For more information on the carrier bag charges, check out Carrier Bag Charge Scotland’s FAQs.

How To Have An (Environmentally!) Responsible Raisin

Raisin Weekend is one of the many weird and wonderful traditions that makes St Andrews such a unique and special place to study – not only that, but it’s also loads of fun!

In celebration of the event, and in light of the fact that all Raisin receipts require disposal after they are no longer needed, we’ve developed the following guidelines for constructing environmentally friendly and safe Raisin receipts and costumes to keep Raisin a truly sustainable tradition.

As a thank you for following these guidelines we will be giving away a meal for the entire family at the Doll’s House Restaurant for the most environmentally friendly and creative Raisin receipt and costume. Join the Facebook event here!
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How do I enter the competition?

Post a picture of your academic family with your receipt & costume on our Facebook page https://www.facebook.com/EnvironmentStA, or via email at environment@st-andrews.ac.uk. Include a brief description of how it was made and why it is environmentally friendly. We look forward to seeing your creative ideas!

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How do I design a “green” Raisin costume/receipt?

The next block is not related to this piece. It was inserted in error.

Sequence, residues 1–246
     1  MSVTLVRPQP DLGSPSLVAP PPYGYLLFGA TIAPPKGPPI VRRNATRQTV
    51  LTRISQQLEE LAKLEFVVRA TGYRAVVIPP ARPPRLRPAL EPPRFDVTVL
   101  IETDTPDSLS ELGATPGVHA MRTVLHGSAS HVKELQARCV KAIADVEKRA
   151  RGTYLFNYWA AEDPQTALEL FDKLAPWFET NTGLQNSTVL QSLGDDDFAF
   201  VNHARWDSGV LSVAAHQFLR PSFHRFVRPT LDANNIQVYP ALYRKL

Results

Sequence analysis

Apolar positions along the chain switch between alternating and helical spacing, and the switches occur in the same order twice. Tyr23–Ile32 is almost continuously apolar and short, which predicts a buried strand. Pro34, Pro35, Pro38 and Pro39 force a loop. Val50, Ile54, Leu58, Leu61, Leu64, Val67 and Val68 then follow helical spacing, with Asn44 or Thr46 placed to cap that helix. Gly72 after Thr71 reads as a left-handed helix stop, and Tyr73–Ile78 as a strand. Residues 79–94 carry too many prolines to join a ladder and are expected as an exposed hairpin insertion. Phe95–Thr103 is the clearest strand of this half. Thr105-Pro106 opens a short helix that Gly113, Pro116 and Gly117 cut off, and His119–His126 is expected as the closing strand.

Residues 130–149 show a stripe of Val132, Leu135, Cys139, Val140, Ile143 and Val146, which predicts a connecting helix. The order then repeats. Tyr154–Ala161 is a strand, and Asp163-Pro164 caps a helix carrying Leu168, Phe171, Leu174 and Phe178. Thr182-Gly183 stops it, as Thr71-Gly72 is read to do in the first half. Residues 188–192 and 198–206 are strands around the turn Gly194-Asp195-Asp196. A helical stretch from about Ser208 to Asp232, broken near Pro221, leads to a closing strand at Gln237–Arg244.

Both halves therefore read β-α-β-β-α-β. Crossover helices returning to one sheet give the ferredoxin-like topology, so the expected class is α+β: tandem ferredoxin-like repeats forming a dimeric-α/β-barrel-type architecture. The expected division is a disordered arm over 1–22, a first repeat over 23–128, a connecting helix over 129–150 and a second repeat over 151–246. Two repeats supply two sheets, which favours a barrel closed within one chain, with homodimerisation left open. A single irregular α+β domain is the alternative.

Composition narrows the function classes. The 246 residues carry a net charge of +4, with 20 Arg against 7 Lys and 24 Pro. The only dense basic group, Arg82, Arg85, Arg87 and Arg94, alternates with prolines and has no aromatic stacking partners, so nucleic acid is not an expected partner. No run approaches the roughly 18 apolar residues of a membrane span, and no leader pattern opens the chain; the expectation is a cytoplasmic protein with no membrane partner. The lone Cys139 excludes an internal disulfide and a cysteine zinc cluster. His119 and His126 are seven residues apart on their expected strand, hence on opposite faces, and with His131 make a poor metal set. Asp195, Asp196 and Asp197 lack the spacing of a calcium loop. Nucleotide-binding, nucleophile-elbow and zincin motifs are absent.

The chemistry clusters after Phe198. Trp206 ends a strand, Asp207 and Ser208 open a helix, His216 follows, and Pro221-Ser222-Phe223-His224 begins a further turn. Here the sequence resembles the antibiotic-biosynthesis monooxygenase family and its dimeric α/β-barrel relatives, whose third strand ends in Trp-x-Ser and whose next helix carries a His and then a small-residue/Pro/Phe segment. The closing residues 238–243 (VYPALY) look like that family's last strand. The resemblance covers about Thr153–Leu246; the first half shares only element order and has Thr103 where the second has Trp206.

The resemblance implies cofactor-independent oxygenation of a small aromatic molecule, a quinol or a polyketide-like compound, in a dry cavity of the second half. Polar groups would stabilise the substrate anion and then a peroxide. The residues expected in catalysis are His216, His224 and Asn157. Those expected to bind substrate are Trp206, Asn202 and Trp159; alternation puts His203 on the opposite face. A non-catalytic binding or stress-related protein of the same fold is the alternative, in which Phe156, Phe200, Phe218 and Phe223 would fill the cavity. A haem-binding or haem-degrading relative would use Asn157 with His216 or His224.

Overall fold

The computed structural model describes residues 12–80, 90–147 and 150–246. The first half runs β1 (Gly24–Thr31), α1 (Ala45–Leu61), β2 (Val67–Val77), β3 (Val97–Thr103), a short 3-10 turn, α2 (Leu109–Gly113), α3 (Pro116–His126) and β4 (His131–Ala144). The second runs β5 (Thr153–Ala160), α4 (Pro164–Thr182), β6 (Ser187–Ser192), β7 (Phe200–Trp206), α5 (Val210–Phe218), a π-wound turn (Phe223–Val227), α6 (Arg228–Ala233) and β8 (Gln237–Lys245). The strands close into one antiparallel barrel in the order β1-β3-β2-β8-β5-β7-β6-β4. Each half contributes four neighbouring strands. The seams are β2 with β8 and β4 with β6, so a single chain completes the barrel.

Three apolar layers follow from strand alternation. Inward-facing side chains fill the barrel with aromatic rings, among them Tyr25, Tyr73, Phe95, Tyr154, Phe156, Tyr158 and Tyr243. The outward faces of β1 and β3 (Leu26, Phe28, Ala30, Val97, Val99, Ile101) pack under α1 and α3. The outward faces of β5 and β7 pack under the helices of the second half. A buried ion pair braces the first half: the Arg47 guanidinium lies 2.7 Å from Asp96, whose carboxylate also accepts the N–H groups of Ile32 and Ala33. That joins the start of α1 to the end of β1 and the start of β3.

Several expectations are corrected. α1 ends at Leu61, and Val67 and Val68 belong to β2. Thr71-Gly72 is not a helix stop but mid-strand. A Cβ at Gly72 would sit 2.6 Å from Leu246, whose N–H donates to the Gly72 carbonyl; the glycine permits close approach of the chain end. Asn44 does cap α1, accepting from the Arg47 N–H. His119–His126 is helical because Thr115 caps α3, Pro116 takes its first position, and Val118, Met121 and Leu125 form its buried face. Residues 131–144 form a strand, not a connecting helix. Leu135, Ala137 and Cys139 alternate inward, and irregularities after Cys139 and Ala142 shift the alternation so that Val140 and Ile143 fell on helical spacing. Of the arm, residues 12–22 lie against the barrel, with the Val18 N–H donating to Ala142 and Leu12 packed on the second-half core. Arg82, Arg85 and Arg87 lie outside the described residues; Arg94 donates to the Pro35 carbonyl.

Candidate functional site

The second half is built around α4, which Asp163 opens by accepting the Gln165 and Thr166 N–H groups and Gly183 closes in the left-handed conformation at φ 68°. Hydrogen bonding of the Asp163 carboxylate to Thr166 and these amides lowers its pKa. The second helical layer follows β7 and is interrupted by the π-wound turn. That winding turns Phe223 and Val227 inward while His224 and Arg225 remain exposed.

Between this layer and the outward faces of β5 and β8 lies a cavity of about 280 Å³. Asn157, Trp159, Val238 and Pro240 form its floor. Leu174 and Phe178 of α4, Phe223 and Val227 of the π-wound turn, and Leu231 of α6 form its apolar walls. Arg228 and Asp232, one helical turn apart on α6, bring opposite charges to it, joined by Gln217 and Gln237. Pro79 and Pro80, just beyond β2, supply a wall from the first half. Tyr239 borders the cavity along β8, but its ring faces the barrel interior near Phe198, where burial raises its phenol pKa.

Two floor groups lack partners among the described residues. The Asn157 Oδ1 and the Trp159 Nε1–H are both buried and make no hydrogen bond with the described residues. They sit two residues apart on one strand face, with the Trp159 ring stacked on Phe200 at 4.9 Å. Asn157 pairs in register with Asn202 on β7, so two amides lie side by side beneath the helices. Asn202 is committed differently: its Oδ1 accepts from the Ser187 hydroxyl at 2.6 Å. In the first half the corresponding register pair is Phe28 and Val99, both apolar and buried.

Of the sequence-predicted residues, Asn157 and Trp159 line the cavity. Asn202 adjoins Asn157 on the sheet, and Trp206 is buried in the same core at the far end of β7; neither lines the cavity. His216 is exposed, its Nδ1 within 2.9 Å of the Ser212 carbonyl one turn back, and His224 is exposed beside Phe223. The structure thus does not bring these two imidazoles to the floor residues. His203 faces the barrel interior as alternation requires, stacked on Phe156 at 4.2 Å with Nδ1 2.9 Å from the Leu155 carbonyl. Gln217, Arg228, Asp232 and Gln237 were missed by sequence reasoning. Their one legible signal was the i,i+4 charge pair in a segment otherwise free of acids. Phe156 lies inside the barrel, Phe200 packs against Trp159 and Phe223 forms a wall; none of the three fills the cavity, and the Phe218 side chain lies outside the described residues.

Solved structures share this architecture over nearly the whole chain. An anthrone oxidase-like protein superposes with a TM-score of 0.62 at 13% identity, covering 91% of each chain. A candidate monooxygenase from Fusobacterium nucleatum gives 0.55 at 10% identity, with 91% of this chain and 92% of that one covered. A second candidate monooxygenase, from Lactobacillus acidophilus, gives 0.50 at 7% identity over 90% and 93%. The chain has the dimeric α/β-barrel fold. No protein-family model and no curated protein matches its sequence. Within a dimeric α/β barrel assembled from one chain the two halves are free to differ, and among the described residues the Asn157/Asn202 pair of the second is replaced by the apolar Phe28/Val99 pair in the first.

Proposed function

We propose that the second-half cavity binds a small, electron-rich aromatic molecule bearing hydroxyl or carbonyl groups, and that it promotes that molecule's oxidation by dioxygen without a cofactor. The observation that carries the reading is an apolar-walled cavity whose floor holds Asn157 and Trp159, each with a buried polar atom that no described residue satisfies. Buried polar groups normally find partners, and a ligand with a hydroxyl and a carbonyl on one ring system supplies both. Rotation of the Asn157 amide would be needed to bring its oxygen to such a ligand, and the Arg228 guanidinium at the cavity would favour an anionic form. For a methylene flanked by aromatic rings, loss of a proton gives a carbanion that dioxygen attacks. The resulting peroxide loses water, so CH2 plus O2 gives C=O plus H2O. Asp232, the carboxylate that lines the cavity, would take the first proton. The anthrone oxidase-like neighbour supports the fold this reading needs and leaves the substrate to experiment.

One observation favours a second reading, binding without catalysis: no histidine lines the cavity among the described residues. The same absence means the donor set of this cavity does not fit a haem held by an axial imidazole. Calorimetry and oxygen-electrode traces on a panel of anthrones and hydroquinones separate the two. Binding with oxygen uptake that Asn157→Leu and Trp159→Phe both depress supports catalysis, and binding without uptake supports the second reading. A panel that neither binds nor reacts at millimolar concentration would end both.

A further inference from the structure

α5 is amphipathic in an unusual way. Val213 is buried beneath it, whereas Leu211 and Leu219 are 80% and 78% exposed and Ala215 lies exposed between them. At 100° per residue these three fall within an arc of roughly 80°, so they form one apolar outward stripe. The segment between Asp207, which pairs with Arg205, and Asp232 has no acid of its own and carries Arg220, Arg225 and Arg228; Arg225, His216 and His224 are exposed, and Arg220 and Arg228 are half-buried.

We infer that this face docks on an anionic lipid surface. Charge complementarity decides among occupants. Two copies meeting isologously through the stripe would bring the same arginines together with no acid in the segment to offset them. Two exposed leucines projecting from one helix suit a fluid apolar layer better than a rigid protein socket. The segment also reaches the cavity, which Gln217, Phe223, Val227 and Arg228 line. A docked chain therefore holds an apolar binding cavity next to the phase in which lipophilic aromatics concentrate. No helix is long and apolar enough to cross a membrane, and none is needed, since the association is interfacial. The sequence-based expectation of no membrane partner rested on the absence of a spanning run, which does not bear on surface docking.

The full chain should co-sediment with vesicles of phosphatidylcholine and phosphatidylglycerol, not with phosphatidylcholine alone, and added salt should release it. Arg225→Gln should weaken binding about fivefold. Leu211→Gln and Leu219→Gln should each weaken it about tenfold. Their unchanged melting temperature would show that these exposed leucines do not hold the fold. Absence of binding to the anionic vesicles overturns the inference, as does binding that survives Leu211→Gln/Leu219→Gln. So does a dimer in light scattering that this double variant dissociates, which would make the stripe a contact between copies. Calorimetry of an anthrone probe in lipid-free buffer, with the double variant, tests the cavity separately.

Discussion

Use your imagination! The best materials are things that can be recycled e.g. cardboard, wood, plastics, and fabric. Ask around the shops in town to see if they have any cardboard boxes you could use for your costumes/receipts, or have a look in the local charity shops for clothes and accessories for your costumes. Pinterest is a great source of inspiration!

OLYMPUS DIGITAL CAMERALast year’s competition winners with their family of biscuits made from cardboard!

Von Trapp familyAcademic children dressed as the Von Trapp family, with outfits made from an old bed sheet!

good raisin receiptThe Mystery Machine! An example of a good raisin receipt – creative, fun, easily recyclable, and folds up flat so it doesn’t take up much room in the cardboard skip.

Remember, the tradition is based on raisins, which are not big! Keep your receipts to a reasonable size in order to reduce the amount of items taking up space in landfill.

Click here for the full list of our Green Raisin Guidelines.

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Additional advice

– October in Scotland can be very cold and wet – please make sure you dress your academic children appropriately!

– Raisin parties often result in a large amount of glass bottles…make sure to recycle these bottles at your nearest glass recycling point.

– Please be aware that due to logistical reasons, you will be required to remove parts of your costume that are not integral before you enter the quad so anything that you are carrying (apart from your shaving foam) including, but not limited to, cardboard, hats, props, and very bulky or pointy items will be removed and recycled. Therefore, please be aware that Estates are unable to keep or return items.

– If you arrive with a receipt that the University cannot dispose of (e.g. electrical goods, livestock, foam filled furniture, or excessively large items) we’re afraid you’ll be turned away at the Quad, miss the foam fight, and will be charged for the cost of disposal of the item.